I had already been planning a road trip out west when Kaylah and Jeff invited me to their wedding. They got married at the ghost town, Two Guns, which was conveniently already on my road trip list (thanks to Kaylah, of course). After the short ceremony, JMP and I stuck around to explore the ruins and I can definitively say that it was the best wedding I have ever been to (and I don't see how any future weddings can possibly compete).
Two Guns is located 30 miles east of Flagstaff, Arizona on the rim of Canyon Diablo. In 1878, it was the site of a mass murder when Apaches hid from their Navajo enemies inside of a cave on the site—a fire was lit at the cave's entrance and 42 people were asphyxiated inside. This cave, now called the Apache Death Cave, is still accessible by a rickety ladder but we were totally fine admiring it from above ground (and via Kaylah's badass wedding photos). The Canyon Diablo Bridge opened in 1915 and was used until 1938; in 1988 it was added to the National Register of Historic Places.
In 1922, Earle and Louise Cundiff purchased the land and built a store, restaurant, and gas station. Three years later, Harry Miller leased the property from the Cundiffs and added a zoo, gift shop and post office, and began offering tours of the cave. In 1926, the highway that passed by Two Guns was renamed Route 66, and Miller shot and killed Cundiff during an argument (although Cundiff was unarmed, Miller was acquitted).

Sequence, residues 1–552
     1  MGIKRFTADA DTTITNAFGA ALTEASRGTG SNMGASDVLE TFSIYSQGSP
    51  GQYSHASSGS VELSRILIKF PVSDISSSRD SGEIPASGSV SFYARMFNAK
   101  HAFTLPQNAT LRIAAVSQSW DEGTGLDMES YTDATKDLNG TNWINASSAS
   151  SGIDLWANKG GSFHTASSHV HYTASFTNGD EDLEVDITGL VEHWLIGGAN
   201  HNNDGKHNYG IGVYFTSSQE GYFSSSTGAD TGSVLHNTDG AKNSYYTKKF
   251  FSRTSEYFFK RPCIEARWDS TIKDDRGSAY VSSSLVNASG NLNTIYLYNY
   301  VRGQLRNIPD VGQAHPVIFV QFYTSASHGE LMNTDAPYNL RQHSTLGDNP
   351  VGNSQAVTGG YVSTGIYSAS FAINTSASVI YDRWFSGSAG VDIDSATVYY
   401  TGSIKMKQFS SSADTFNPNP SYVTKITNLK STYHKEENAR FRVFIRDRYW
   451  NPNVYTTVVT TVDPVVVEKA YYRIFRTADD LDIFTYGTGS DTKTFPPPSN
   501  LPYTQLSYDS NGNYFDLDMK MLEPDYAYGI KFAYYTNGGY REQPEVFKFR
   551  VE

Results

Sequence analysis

In the late '60s a motel, tavern, new zoo exhibits, Shell service station and a KOA campground were added to the site. The service station burned in 1971 and the site has sat abandoned ever since. My favorite part of Two Guns was the kidney-shaped swimming pool, which is now covered in colorful graffiti.
Two Guns is a great place to explore (or attend a wedding at) because you can travel through time via the ruins of all of its past lives. There are rumors that the site also contains buried treasure and more than one dead body, and the only person we saw while we were exploring was a (live) man slowly passing over the desert landscape with a metal detector.